The present-day Gregory Rift Valley in northern Tanzania is an elongate north–south half graben flanked on its western side by a high, eastwards-facing escarpment; this differs from Kenya where there are also major faults on the eastern side of the rift valley. The words ‘present-day’ are used advisedly, as the present morphology is imposed upon an earlier, wider, volcano-infilled tectonic depression. As in Kenya, within and to either side of the rift valley there are extensive areas of Neogene and Quaternary volcanic rocks (Fig. 3.1). To the SW of the main volcanic area is the Eyasi half graben and, to the SE, the Pangani graben; these major features are infilled by volcanoes at their northeastern and northern ends, respectively.
The northern Tanzania volcanic province is younger overall than the Ethiopian, where magmatism was initiated at around 40 Ma, and Kenya provinces (Baker et al. 1972; George et al. 1998) suggesting that more recent mantle perturbations are responsible for the intra-plate magmatism and crustal fracturing in this part of Africa.
The province stands astride the surface interface between the Archaean rocks of the Tanzania Craton and the north–south-trending Mozambique orogenic fold belt (Fig. 3.1). The rocks of the craton have been divided into three major formations, the Dodoman (oldest), the Nyanzian and the Kavirondian (Quennell et al. 1956; Schlüter 1997) but, in brief, the craton is an amalgamation of several terranes comprising Archaean metasediments, including the so-called greenstone belts (some as old as >3 Ga)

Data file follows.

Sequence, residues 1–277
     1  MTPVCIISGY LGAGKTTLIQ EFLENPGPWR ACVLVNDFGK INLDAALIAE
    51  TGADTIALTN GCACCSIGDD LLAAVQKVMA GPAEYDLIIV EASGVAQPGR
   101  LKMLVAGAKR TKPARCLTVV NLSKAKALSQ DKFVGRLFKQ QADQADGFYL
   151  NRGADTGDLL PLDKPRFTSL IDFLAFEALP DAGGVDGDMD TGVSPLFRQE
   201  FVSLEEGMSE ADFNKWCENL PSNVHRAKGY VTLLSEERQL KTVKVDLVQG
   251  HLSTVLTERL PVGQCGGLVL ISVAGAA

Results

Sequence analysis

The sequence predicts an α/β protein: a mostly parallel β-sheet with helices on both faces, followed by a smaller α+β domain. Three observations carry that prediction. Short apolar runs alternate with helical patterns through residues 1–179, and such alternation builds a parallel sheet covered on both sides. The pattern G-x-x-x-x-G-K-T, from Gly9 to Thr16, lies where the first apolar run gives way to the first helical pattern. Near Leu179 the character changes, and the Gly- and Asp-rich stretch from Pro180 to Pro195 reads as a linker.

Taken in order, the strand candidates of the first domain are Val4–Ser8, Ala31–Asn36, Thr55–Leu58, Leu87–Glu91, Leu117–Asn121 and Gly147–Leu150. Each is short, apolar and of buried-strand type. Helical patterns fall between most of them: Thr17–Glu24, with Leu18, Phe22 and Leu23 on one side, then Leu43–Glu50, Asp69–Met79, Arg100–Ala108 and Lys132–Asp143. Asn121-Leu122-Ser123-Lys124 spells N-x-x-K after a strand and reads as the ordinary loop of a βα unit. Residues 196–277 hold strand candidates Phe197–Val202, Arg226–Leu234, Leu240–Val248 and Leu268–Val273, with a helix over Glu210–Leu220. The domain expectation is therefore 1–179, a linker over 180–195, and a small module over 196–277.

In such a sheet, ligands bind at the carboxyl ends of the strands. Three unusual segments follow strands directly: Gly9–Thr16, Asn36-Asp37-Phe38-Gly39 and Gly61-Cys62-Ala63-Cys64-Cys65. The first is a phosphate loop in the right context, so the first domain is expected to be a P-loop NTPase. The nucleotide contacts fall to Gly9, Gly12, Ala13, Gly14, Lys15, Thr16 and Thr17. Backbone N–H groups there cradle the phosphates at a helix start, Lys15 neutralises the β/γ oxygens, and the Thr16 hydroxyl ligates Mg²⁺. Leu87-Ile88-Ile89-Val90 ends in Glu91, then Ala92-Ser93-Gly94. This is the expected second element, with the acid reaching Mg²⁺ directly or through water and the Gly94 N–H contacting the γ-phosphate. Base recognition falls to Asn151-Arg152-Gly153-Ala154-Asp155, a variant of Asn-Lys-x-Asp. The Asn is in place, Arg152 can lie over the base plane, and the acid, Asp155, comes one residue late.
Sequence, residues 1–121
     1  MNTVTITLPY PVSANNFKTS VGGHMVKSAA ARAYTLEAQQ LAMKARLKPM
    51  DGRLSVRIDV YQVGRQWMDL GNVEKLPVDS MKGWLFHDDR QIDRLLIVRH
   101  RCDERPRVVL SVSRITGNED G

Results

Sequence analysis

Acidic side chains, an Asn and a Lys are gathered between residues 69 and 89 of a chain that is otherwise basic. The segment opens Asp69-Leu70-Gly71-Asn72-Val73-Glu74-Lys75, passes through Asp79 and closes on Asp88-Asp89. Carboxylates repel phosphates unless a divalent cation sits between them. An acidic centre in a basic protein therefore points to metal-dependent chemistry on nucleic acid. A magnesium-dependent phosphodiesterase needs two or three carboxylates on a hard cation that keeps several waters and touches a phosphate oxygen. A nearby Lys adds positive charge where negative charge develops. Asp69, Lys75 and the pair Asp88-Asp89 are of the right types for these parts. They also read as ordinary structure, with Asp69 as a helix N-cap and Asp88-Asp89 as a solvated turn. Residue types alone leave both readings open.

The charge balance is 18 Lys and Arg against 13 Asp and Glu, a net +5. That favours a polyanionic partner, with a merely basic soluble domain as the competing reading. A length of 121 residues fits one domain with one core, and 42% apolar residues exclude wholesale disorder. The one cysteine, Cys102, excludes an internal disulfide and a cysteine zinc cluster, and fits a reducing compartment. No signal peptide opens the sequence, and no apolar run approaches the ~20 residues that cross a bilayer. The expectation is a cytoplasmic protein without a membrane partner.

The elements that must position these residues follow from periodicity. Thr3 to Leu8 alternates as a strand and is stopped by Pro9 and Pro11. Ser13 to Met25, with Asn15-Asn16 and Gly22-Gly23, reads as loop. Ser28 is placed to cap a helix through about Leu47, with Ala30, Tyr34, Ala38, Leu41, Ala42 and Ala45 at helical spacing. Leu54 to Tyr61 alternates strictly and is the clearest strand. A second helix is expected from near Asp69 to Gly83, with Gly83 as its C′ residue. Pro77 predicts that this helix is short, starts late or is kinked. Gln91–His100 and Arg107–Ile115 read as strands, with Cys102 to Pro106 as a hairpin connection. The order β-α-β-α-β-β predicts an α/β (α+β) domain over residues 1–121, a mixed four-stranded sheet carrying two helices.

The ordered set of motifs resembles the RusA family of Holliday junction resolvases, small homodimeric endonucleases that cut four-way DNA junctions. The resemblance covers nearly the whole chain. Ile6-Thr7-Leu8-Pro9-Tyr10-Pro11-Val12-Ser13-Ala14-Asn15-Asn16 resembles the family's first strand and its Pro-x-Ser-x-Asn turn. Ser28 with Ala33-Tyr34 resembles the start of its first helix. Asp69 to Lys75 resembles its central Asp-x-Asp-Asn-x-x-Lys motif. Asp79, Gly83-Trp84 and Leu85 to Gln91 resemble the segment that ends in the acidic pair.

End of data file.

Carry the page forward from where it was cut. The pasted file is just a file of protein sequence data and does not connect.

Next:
Figures & Tables
The structure and volcanic activity of the northern Tanzania sector of the Gregory Rift Valley have hitherto been described less than those in Ethiopia and Kenya. This book focuses on northern Tanzania where, although the volcanic area is smaller than those to the north, there are major features such as Kilimanjaro, the highest mountain on the African continent, Ngorongoro, one of the largest calderas on Earth, and Oldoinyo Lengai, the world’s only active carbonatite volcano. Following an account of the discovery and early exploration of the Rift Valley, there are descriptions of the individual volcanoes. These are set within the context of the regional geology and geophysics of the rift valley and in relation to the structural evolution of the rift and its associated sedimentary basins which include Olduvai, an important site in the history of human evolution. The volume concludes with a discussion of the volcanism in relation to the plume-related African Superswell.